The Nephew

David Thomson

  • Charmed Lives by Michael Korda
    Penguin, 498 pp, £2.50, January 1981, ISBN 0 14 005402 2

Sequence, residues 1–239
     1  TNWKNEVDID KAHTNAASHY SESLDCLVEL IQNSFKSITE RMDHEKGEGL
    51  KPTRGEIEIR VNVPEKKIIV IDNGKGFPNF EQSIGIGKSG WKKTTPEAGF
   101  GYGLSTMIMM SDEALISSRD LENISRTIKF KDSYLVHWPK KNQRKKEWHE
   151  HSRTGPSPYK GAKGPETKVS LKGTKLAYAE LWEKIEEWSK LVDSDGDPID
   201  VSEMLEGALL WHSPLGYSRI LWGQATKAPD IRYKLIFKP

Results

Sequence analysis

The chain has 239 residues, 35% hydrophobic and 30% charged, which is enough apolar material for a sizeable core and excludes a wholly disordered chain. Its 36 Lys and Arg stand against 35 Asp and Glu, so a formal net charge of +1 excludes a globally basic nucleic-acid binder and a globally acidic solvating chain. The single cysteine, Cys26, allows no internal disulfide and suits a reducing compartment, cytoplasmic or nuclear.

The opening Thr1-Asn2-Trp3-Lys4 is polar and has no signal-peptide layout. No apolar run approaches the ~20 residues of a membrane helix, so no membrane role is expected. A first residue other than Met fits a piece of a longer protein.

This book suggests how an odd mixture of Hungarian nerve, social bluff and show-business instinct once commanded the British cinema. In Michael Korda’s telling, however, the panorama of picture-making is not always alight with understanding or information. The author may have been born on the night in 1933 when his uncle Alexander Korda’s first great success, The Private Life of Henry VIII, opened, and that could have made Michael a good-luck charm in Alex’s eyes. But Michael is neither a film buff nor a historian of the movies. He is, instead, that vital figure in the picture business, a nephew, half-English, half-American, and in his dreams entirely Hungarian. He grew up enthralled by his uncle Alex: he can only provide a fond and rather vague sketch of his father, Vincent, and a perfunctory one of his other uncle, Zoltan. The lives of the title are not three but two: uncle and nephew, the last tycoon and the ardent imitator. The extraordinary interest and appeal of this book spring from the way Michael Korda always wanted to be his own uncle.

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